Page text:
Situated between red-brick former factories and the Green River in Williamstown, Massachusetts, the River Houses are a typological transformation of nineteenth century New England mill workers’ housing. While Industrial Revolution era tenements in urban centers are renowned (and reviled), in less-populous manufacturing communities like those of the Berkshires, ample land – and the occasional beneficent boss – provided for more spacious workforce housing. In the shadow of the mills and dotting the edge of the rivers that powered them, these modestly outfitted accommodations often took the form of gable-roofed duplexes.

Removed some 150 years in time, the same diagram describes seven duplexes in this residential complex that also contains renovated mill buildings and the Modern Mill. The River Houses are boxy gabled forms that have been carved to create carports and patios. These subtractions produce a porous tableau that celebrates the residential scale and scenic setting. A second floor deck removes half of the gable and spills down to the first floor in the form of a small courtyard. In this way, the natural surrounds infiltrate the interior volume to the extent that they, themselves, are now surrounded: an unexpected container of vegetation, a source of light and ventilation through the unit.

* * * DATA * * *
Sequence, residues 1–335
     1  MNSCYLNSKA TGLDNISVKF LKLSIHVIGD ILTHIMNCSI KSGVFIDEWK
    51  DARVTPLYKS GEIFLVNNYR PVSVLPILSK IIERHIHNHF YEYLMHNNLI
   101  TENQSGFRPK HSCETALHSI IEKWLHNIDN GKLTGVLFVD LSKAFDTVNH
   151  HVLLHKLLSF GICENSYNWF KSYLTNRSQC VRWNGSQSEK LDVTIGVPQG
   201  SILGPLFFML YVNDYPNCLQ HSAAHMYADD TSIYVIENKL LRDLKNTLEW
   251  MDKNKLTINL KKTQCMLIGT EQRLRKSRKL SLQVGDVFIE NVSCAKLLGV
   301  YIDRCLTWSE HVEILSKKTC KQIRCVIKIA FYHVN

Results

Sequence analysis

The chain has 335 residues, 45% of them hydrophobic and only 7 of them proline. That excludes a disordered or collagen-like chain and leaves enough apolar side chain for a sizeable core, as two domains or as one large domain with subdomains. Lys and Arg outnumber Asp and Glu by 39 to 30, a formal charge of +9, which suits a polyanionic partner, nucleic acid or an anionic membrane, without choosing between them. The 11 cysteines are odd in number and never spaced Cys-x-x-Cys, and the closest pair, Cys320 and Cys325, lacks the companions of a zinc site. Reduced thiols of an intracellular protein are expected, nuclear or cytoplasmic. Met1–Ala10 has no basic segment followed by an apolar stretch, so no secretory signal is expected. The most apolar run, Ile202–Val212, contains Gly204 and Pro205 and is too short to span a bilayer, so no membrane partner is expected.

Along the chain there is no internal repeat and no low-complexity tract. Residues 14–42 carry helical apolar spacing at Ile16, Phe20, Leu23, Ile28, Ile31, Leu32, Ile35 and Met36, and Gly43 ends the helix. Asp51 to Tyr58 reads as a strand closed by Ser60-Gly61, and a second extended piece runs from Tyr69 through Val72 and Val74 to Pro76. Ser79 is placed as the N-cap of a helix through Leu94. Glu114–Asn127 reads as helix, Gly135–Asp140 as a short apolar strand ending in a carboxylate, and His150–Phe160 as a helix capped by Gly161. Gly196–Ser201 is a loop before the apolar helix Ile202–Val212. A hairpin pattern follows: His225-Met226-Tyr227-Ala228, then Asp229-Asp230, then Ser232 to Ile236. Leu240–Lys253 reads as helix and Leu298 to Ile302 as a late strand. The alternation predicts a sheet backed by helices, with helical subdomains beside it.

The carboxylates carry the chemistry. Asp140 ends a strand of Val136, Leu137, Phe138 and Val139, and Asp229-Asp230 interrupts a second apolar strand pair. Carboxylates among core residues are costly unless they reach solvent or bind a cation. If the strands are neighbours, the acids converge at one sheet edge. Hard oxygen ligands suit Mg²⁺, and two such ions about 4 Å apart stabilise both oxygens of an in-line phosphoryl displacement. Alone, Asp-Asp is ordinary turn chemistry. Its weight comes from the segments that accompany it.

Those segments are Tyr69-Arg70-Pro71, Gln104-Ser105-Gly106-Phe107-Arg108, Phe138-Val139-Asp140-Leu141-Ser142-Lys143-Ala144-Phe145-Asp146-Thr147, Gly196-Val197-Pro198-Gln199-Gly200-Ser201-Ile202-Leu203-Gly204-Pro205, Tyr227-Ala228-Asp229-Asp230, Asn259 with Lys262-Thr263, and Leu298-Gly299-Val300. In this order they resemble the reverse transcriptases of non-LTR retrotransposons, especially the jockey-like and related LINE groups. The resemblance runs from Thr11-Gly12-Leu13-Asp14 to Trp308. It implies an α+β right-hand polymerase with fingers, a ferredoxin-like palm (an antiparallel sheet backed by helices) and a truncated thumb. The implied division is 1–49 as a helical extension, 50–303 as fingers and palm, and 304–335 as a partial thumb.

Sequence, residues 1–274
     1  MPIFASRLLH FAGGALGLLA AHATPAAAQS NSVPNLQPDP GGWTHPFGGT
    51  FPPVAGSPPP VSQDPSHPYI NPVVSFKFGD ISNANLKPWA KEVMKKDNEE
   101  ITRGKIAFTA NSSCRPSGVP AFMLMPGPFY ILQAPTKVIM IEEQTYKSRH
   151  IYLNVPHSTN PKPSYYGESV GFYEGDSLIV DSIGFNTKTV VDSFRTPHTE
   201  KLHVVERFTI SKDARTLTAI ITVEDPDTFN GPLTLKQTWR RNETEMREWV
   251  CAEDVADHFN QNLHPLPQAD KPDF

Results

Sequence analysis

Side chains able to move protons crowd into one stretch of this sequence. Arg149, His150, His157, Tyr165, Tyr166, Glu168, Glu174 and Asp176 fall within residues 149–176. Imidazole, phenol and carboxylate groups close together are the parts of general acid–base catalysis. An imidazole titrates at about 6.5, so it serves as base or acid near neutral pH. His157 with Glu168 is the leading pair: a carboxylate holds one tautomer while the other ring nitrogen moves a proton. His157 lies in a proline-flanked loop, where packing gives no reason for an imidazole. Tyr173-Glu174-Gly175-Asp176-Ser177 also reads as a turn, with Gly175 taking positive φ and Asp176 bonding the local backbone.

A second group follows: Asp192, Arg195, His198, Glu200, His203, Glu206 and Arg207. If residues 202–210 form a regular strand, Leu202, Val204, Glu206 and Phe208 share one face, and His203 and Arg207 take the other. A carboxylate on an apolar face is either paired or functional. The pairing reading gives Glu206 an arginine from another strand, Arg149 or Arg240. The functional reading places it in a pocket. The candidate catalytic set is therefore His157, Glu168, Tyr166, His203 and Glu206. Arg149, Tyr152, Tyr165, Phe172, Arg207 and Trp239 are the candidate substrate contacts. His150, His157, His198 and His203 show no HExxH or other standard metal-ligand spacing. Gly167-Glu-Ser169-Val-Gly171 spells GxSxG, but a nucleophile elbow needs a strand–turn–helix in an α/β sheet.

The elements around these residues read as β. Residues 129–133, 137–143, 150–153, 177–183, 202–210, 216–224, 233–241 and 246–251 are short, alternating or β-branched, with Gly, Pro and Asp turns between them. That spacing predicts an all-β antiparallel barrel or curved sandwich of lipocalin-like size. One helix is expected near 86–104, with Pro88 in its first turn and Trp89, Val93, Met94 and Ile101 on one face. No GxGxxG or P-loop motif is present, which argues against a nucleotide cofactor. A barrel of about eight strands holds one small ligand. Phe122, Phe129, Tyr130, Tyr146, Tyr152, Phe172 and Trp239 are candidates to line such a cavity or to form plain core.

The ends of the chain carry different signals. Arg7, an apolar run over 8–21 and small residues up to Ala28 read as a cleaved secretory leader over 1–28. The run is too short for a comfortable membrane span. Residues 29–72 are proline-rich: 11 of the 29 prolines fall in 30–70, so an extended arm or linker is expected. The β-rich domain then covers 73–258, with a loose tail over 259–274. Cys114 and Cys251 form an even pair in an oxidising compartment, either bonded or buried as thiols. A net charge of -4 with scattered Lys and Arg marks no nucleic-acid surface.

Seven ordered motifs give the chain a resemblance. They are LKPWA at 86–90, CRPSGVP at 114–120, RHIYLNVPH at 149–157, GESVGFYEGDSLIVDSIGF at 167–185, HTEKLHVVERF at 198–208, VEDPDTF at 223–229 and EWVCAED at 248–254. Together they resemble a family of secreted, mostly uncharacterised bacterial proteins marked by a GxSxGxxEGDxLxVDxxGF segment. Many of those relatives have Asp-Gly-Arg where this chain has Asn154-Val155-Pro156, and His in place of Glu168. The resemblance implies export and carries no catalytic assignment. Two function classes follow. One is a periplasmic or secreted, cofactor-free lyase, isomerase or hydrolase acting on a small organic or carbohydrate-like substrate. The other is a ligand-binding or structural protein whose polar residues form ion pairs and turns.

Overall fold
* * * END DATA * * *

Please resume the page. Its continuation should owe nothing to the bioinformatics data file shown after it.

These voids register within an angled, overlapping, and alternating facade of cedar and fiber cement cladding to appear woven like the textiles once produced in the adjacent mills. Inexpensive charcoal gray Hardieboard panels are topped by slats of the same material in a riff on the board-and-batten siding that often clad the workers’ housing precedent. The dark Hardieboard and lighter cedar regions alternate on each of the seven duplexes to create a checkerboard-like rhythm as one walks the public pathway at the river’s edge.

Just as many examples of the region’s workers’ housing still serve families today, the River Houses are built to adapt to changing internal and climatic demands such that they too might sustain for over a century. Raised on a grassy plinth, they are sited to stay dry amidst river flooding. Hardwired and oriented for rooftop photovoltaics, they are primed for the energy transition from the fossil fuels of their industrial ancestors to a future of renewables. Equipped with stacking closets sized for a residential elevator, they can also be easily outfitted to allow for aging-in-place. Through these responsive measures, this variation of a vernacular type is designed to work for residents for generations to come.

Merge Architects Inc.
332 Congress St. Floor 6
Boston MA 02210


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